Best Mixed Media: Mark Hartman. The title, “Symmetria,” foretells it all with its mix of paint, print and text dominated by its key figure, a print portrait of Albert Einstein. Carefully chosen words such as “complete”, “unity”, and even a lower case “god” are but a prelude to Hartman’s didactic collage best summed up in the just discernible listing of “intellectual, physical, emotional, spiritual.” This is the stuff of enlightenment and perhaps Humanism, but is it great art? “Symmetria” lives up to its premise, but once grasped, its message may linger longer than its tasteful composition.
Best Drawing: Tie between Joseph Broghammer and Gabriella Quiroz. Once one gets over the irony that both artists have drawn essentially the same figure, an owl, one can appreciate the considerably different aesthetic of each drawing and why the judges decided to award each rather than compare “apples and oranges.” Broghammer offers up “Elke House,” in chalk pastel and pencil, figuratively one of his signature birds from his otherwise known “flock of Joe.” That phrase is particularly apt here as this may be the closest thing to a self-portrait in his aviary.
No longer surrounded by his iconography seen normally as an accessory or accomplice to the portrait, this owl is bent over by the weight of what he has to bear in life, flight out of the question: 10 iconic houses embedded in a pale orange bubble that wear heavy on his back and brow, both his burden and perhaps his muse.
Comparisons may not be fair, but unlike Broghammer’s freer-style and lighter touch in tone and point of view, the judges must have been impressed with Quiroz for her precise mark-making and uncanny attention to detail with a color pencil. For a start. Closer look reveals a darker narrative as her owl is nestled quite comfortably against the skull of a toothy predator with the a paper wasp nest in its mouth and another smaller skull at its feet. “Acceptance” is a wonderfully macabre still life and death, exquisitely rendered and aptly titled.
Best Painting: Daniel Bruggeman. There are any number of landscapes in this exhibit – Roberta Barnes’ impressionistic “Autumn Mist”, the expressionism of Shelly Bartek’s “After the Storm” and the more effective photo-realism of Jennifer Homan’s “Violet Canyon Skies.” But Bruggeman’s watercolor and gouache “The Prairie’s Dreaming Sod” was a pleasant surprise and well worth some extended face time. Impressive technique aside, take notice of his deliberate placement of horizon that splits his canvas in two, the fallen bridge section to the left, the distinct distortion of his vignette framing at the bottom of the frame and the preternatural yellow and whitish palette. Not to mention the title’s operative word, “Dreaming.” All of which contributes to the work’s disturbing, yet captivating surrealism. It’s a subtle yet trippy milieu.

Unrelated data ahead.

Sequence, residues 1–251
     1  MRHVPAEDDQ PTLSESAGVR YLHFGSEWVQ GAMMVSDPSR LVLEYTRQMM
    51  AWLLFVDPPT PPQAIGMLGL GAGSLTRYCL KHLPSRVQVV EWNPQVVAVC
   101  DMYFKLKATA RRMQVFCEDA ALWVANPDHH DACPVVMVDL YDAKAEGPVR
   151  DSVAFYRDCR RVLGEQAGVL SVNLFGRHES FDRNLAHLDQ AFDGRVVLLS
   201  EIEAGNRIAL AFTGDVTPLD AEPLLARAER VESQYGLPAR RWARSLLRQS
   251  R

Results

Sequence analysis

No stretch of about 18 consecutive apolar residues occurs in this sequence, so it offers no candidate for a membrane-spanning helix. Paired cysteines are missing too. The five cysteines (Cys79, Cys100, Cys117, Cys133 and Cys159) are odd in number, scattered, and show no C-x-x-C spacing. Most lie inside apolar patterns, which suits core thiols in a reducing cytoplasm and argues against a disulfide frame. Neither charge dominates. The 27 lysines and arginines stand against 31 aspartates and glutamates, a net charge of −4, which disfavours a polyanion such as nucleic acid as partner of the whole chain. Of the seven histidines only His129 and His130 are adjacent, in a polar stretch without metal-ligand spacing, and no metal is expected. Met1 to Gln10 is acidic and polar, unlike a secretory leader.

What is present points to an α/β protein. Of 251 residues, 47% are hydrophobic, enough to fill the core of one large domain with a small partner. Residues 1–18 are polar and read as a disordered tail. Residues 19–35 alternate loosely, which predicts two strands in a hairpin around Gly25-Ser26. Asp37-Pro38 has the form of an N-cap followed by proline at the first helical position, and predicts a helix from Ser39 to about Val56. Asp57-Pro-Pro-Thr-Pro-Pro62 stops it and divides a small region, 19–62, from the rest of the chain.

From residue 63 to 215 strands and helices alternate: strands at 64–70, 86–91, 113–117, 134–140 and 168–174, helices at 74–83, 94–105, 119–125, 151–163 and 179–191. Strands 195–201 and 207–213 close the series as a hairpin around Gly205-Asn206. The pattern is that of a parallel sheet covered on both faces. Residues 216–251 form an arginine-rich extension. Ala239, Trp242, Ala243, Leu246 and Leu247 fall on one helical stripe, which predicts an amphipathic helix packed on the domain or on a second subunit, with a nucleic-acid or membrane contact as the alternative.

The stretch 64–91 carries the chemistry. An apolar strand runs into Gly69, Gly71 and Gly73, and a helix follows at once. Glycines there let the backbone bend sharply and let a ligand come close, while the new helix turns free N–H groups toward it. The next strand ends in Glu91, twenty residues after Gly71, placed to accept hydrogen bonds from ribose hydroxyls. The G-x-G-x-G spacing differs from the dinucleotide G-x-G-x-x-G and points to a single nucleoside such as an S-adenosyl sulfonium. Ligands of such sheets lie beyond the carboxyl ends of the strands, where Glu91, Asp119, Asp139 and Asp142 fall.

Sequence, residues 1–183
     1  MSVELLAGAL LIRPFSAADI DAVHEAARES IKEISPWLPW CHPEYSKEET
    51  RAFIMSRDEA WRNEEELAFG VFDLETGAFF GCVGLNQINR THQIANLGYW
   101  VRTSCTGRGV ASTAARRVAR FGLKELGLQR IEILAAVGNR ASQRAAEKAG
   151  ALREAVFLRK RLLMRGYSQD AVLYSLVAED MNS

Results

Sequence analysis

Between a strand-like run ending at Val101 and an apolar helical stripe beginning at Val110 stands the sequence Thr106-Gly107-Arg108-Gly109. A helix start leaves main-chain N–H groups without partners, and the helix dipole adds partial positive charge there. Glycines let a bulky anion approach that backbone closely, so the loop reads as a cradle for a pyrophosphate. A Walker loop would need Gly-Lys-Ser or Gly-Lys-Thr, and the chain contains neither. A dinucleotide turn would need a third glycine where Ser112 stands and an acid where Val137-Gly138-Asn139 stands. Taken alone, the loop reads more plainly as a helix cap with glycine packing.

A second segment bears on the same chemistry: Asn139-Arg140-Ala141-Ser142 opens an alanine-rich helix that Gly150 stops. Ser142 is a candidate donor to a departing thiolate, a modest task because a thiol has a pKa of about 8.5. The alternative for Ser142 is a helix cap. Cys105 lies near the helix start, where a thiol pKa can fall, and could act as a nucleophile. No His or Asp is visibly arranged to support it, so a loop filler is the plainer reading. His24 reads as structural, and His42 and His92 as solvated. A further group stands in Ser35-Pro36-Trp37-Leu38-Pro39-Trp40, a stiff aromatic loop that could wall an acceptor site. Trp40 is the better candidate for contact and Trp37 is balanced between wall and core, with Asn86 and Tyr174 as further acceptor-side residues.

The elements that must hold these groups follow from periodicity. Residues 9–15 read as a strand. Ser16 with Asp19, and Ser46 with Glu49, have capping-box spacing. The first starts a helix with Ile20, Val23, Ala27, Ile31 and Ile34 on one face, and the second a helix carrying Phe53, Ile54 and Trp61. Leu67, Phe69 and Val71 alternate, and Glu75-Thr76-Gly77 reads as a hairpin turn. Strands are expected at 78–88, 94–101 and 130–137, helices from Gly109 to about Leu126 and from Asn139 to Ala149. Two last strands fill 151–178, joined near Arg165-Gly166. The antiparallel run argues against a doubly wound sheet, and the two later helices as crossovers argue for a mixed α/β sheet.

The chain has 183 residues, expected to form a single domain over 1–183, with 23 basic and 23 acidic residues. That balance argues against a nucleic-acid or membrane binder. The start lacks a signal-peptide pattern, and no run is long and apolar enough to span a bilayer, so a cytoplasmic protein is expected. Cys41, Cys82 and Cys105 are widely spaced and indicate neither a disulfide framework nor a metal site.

Best Ceramics: John Dennison. Known throughout the region for his expressionistic, multi-layered ceramic masks and his functional pottery, “Adagio Black”, is a departure. Not that this large circular plate or platter couldn’t be used as such, but it would obscure Dennison’s lesson in minimalist graphic design highlighted by levels of texture, finish and palette: black, egg shell and white tile gloss geometrics served on an elegant tawny leather matte. Understated elegance, it belongs on a wall.
Best of Show: Jennifer Homan. Photo? Painting? Impossible to tell at any distance, but that alone is not enough to qualify “Violet Canyon Skies” as the best of the best. There is much more to this oil pastel than its photo-realism or technique. All the “best” must exhibit some mastery of their medium and process, it’s de rigueur. It’s the results that matter. And what matters most is the purple mountain majesty of this singular landscape on a rainy afternoon. This year simplicity wins out. So humble is this work one could pass it by easily, despite its title. Stop, spend just a minute in front of it and you will be lost in that brief moment it so artfully captures.
Can a single exhibition ever claim to paint Nebraska’s masterpiece, will “someday, everything is gonna be smooth like a rhapsody” for this huge undertaking? An unfinished one perhaps, yet, hopefully, Biennial 2 will always be a work in progress. For that reason alone, it deserves participation and recognition every two years by artists and patrons alike.
Biennial 2 continues until Aug. 4 at Gallery 1516 at 1516 Leavenworth St., Omaha. For details and gallery hours, go to gallery1516.org or call (402) 305-1510.